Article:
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Kansas Water Science Center

Water-Supply Paper 2502

Glossary

Although much of the terminology used in this report is widely understood, some terms have specialized meanings in hydrology or are unfamiliar outside of hydrologic usage. Most of the definitions given here are from Langbein and Iseri (1960), some with slight modifications, and explain the terms as they are generally used by hydrologists in the U.S. Geological Survey.

Absorption. The entrance of water into the soil or rocks by all natural processes. It includes the infiltration of precipitation or snowmelt.

Area-weighted rainfall. Method of converting point rainfall data into an average value for a certain area or basin.

Bank. The margins of a channel. Banks are called right or left as viewed facing the direction of flow.

Cubic feet per second. A unit expressing rates of discharge. One cubic foot per second is equal to the discharge of a stream of rectangular cross section, 1 foot wide and 1 foot deep, flowing water an average velocity of 1 foot per second.

Current meter. An instrument for measuring the velocity of flowing water. The U.S. Geological Survey uses a rotating cup meter.

Discharge. In its simplest concept, discharge means outflow; therefore, the use of this term is not restricted as to course or location, and it can be applied to describe the flow of water from a pipe or from a drainage basin. If the discharge occurs in some course or channel, it is correct to speak of the discharge of a canal or of a river.

Drainage area. The drainage area of a stream at a specified location is that area, measured in a horizontal plane, that is enclosed by a drainage divide.

Drainage basin. A part of the surface of the Earth that is occupied by a drainage system, which consists of a surface stream or a body of impounded surface water together with all tributary surface streams and bodies of impounded surface water.

Flash flood. A sudden, violent flood, as after an intense rain.

Flood. An overflow or inundation that comes from a river or other body of water (Barrows, 1948, p. 4) and causes or threatens damage. Any relatively high streamflow overtopping the natural or artificial banks in any reach of a stream (Leopold and Maddock, 1954, p. 249-251).

Flood plain. The lowland that borders a river, usually dry but subject to flooding (Hoyt and Langbein, 1955, p. 12).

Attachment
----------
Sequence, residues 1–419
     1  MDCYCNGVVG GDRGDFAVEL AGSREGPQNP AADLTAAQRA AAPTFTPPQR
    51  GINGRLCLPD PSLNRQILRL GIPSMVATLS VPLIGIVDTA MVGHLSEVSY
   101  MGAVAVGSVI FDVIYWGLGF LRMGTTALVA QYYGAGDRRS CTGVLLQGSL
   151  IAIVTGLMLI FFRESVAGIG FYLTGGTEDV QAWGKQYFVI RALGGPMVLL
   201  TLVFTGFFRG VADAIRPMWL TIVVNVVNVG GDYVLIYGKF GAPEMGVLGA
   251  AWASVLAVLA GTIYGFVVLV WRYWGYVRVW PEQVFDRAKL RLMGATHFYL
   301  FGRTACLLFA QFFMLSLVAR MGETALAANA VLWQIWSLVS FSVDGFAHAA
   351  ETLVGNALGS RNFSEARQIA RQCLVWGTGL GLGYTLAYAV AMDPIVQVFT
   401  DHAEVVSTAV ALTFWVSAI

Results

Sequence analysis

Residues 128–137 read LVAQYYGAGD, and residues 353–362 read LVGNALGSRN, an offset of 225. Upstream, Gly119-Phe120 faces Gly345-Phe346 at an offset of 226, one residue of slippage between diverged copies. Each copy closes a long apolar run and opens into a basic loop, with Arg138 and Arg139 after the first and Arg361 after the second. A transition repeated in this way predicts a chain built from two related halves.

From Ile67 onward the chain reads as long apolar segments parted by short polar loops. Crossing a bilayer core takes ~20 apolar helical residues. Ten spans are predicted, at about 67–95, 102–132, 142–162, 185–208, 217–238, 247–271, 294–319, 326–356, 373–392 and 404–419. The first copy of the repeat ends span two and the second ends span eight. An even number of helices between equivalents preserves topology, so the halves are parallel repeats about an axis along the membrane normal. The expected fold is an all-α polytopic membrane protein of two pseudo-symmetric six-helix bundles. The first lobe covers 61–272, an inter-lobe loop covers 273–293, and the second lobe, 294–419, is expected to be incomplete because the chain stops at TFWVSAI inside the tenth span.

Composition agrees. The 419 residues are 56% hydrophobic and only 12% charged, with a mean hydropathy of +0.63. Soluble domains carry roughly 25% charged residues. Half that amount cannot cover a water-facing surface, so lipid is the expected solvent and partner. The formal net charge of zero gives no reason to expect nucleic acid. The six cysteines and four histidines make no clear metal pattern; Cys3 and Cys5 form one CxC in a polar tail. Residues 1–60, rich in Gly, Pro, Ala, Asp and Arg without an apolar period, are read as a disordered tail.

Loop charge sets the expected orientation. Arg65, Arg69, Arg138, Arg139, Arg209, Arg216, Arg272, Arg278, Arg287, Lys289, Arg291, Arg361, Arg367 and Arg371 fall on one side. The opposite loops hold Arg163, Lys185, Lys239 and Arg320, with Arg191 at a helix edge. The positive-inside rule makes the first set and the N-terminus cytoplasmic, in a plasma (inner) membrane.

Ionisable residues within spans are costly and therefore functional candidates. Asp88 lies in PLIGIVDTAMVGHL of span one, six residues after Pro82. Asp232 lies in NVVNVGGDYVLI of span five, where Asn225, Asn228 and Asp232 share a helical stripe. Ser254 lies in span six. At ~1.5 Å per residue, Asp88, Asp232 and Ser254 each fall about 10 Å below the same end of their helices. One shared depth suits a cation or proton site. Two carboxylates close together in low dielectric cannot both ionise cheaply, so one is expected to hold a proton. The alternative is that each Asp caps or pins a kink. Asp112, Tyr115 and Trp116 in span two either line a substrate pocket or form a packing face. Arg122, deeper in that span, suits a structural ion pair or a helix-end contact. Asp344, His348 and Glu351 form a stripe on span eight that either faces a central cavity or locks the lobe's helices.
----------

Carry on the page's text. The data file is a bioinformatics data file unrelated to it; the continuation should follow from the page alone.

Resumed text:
Flood stage. The stage at which overflow of the natural banks of a stream begins to cause damage in the reach in which the elevation is measured.

Hydraulic head. Difference in height between a point and the free water surface above or below.

Isohyetal map. A map or chart showing lines that join points that receive the same amount of precipitation.

Overland flow. The flow of rainwater or snowmelt over the land surface toward stream channels.

Regulation. The artificial manipulation of the flow of a stream by the use of dams, gates, or canals to impede, release, or redirect the natural flow of water.

Reservoir. A pond, lake, or basin, either natural or artificial, for the storage, regulation, and control of water.

Stage. The height of a water surface above an established datum plane (also gage height).

Stage-discharge curve. A graph showing the relation between the gage height, usually plotted as ordinate, and the amount of water flowing (discharge) in a channel, expressed as volume per unit of time, usually plotted as abscissa.

Stage-discharge relation. The relation expressed by the stage-discharge curve.

Streamflow. The discharge that occurs in a natural channel. Although the term discharge can be applied to the flow of a canal, the word "streamflow" uniquely describes the discharge in a surface stream course. The term "streamflow" is more general than runoff, as streamflow may be applied to discharge whether or not it is affected by diversion or regulation.

Streamflow-gaging station. A gaging station where a record of discharge of a stream is obtained.

Surface runoff. That part of the runoff that travels over the soil surface to the nearest stream channel. It also is defined as that part of the runoff of a drainage basin that has not passed beneath the surface following precipitation.

Surface water. Water on the surface of the Earth.

Water equivalent of snow. The amount of water that would be obtained if the snow should be completely melted. Water content may be merely the amount of liquid water in the snow at the time of observation (Wilson, 1942, p. 153-154).

Water year. In U.S. Geological Survey reports, water year is the 12-month period, October 1 through September 30. The water year is designated by the year in which it ends. Thus, the year ending September 30, 1989, is called the "1989 water year."


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